The Hockey News’ 2018-19 Season Preview series dives into off-season transactions, best- and worst-case scenarios and one burning question for each team in reverse order of Stanley Cup odds.
Stanley Cup odds: 47-1
Key Additions: Greg Pateryn, D; Matt Bartkowski, D; J.T. Brown, RW; Eric Fehr, C; Matt Read, RW; Matt Hendricks, LW; Andrew Hammond, G
Key Departures: Tyler Ennis, LW; Daniel Winnik, LW; Matt Cullen, C; Zack Mitchell, RW; Kyle Quincey, D
The Wild have six straight playoff berths, clearing 100 points three times in the past four seasons, so the fact they return with a similar roster to last year in theory gives them a high floor. They bring back their entire top-nine forward group and top four defensemen. They’re one of the NHL’s deeper teams up front, capable of icing at least two scoring lines, one centered by Eric Staal, who tied a team record with 42 goals last year, the other by captain Mikko Koivu, who usually plays with Jason Zucker and Mikael Granlund on a great two-way unit.
Minnesota should see some progress from a few prospects, too. Beastly power forward Jordan Greenway looks ready to become a middle-six mainstay. Center Joel Eriksson Ek can’t possibly be as unlucky as he was in his bust of a rookie season (4.8 shooting percentage). Minnesota has mobility and offensive acumen in its top-four on ‘D,’ especially Mathew Dumba, who broke out for 50 points last season. Greg Pateryn was a cheap signing who profiles as a fancy-stats darling with his shutdown ability. The crease is in good shape with Devan Dubnyk, who ranks among the league leaders in wins and shutouts the past four seasons.
It’s telling that a team so consistently competitive parted ways with its GM, replacing Chuck Fletcher with Paul Fenton. The Wild simply aren’t ascending. They’ve bowed out in the first round of the playoffs four times and the second round twice during this era of “success.” And they added almost nothing in free agency, hampered by hefty contracts such as Zach Parise’s, so there’s little reason to expect anything better than mediocrity.
In fact, even mediocrity doesn’t seem assured. Workhorse defender Ryan Suter is coming off a broken ankle, for which he required a long recovery period. While he’ll be ready for the start of the season, he’s 33 and thus not a lock to come back as good as he was, which is scary news for a team that ranked 21st in goals against last year. Many of the Wild’s most important players are long in the tooth. Koivu is 35, Staal 33, Parise 34. The Wild’s average age is 28, making their roster the league’s eighth-oldest. If a team that hasn’t made any progress keeps getting older while its divisional neighbors, like St. Louis, make major off-season additions, it’s only a matter of time before the stagnant team starts to sink, especially in the deadly Central.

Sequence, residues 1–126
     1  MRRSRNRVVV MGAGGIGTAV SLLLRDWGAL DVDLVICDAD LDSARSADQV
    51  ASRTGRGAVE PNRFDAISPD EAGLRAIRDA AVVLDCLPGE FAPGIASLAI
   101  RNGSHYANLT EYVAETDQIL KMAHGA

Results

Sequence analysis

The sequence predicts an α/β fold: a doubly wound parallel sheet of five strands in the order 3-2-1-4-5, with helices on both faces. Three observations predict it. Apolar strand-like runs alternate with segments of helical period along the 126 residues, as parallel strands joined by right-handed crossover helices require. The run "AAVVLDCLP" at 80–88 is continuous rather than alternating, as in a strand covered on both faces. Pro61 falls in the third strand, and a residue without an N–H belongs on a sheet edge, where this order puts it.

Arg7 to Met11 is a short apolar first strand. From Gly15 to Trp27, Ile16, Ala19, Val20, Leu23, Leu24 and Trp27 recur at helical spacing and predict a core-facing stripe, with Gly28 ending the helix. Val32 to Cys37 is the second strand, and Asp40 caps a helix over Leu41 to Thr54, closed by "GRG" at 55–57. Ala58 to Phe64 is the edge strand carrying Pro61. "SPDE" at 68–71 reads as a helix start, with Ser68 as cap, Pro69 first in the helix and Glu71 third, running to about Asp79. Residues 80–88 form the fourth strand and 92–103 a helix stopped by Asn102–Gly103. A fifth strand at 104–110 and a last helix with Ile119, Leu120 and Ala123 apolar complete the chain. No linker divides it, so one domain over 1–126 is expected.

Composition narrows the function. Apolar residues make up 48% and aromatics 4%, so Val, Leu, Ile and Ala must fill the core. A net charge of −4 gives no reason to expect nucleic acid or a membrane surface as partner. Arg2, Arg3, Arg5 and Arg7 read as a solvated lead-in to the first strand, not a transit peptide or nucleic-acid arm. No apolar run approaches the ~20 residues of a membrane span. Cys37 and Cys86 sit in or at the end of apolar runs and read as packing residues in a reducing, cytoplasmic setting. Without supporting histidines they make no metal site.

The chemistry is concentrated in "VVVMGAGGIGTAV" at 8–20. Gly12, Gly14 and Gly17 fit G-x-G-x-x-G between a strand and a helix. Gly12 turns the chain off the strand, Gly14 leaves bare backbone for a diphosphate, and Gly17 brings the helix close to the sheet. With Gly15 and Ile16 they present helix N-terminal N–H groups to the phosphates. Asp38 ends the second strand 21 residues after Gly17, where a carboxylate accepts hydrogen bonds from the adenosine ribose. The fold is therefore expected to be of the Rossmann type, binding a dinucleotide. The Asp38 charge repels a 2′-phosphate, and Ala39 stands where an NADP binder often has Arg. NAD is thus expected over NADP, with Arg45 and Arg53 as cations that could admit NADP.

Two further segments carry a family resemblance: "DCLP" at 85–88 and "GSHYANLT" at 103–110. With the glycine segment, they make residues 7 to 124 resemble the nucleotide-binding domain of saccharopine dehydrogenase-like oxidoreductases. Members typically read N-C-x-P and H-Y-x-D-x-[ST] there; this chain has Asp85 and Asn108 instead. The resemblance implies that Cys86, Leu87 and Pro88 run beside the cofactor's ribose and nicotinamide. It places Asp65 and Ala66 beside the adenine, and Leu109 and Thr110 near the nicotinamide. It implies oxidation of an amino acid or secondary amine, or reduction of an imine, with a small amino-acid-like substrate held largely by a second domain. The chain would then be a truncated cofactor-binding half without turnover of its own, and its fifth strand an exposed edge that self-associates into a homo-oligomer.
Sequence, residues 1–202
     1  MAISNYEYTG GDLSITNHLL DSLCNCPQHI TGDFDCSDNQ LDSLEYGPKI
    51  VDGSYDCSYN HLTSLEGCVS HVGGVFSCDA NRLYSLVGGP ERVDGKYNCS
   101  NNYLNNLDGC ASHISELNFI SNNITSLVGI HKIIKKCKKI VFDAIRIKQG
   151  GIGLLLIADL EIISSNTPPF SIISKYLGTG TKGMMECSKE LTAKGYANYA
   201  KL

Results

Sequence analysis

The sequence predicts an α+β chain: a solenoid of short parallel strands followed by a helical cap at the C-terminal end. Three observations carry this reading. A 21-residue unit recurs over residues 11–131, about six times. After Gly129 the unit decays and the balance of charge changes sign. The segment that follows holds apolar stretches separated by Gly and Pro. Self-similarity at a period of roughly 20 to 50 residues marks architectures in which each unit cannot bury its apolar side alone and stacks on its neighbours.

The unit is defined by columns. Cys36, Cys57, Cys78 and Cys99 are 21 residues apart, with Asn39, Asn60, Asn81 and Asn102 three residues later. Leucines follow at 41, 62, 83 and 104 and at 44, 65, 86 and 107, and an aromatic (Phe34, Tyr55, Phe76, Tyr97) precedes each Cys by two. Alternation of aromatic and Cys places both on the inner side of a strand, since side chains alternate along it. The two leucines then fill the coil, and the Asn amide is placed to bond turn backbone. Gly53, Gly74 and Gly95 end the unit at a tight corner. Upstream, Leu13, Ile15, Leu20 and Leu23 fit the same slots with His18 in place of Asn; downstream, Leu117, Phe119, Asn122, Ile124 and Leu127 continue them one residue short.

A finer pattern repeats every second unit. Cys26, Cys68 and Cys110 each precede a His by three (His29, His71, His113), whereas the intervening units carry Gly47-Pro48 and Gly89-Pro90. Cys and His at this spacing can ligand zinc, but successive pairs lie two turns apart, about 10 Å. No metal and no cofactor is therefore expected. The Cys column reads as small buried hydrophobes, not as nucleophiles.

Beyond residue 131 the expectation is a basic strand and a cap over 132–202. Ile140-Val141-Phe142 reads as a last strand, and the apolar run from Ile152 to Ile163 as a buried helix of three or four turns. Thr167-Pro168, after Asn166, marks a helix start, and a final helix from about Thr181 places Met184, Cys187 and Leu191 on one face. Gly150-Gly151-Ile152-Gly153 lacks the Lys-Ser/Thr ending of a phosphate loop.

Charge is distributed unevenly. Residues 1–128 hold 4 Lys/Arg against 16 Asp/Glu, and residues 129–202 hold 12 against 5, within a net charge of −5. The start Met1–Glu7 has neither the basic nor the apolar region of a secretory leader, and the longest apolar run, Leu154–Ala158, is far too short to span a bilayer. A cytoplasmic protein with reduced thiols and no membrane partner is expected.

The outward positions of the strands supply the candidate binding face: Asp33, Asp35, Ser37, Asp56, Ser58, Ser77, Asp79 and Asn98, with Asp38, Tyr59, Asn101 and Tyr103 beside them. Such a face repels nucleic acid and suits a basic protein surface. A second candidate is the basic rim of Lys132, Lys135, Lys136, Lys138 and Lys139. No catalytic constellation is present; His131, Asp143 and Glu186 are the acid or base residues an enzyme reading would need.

Can Staal and Zucker repeat their offensive output?
Last season, the Wild finished just outside the top 10 in goals for, potting 250 over the course of the 82-game slate. It was an impressive performance from an offense that was without arguably its biggest star, Parise, for nearly half the campaign. What drove the offense in Parise’s absence was the play of Staal and Zucker.
The former, in his second season wth the Wild, had a mind-blowing season. Having not cleared the 30-goal hurdle, let alone the 40-goal plateau, since 2010-11, Staal went out and fired home 42 tallies for the second-best goal scoring campaign of his career. Zucker, meanwhile, had a career-best 33-goal output. That’s 11 better than his previous career high, and it came along with a 17-point improvement on his previous best point total. Together, Staal and Zucker’s 75 goals accounted for 30 percent of Minnesota’s total offense.
But what if one or both regress? There’s reason to believe that could happen. Staal had the best shooting percentage of his career last season and shot a full 6.2 percent better than his career average. Zucker put up his best full-season shooting percentage, and he was two percent clear of his career average. If those shooting percentages dip down to career-average levels, both could see dips in their goal total and it will be on others, particularly the youngsters or a hopefully-healthy Parise, to pick up the slack.
THE HOCKEY NEWS’ PREDICTION: 6th in the Central Division. The Wild have likely reached their ceiling with the current core and the next generation isn’t yet ready to take over and guide Minnesota forward. In a division as tough as the Central, the Wild have been passed by. Not irreversibly so, but they’re not the contender they once were and if the window is open at all, it’s only crack.
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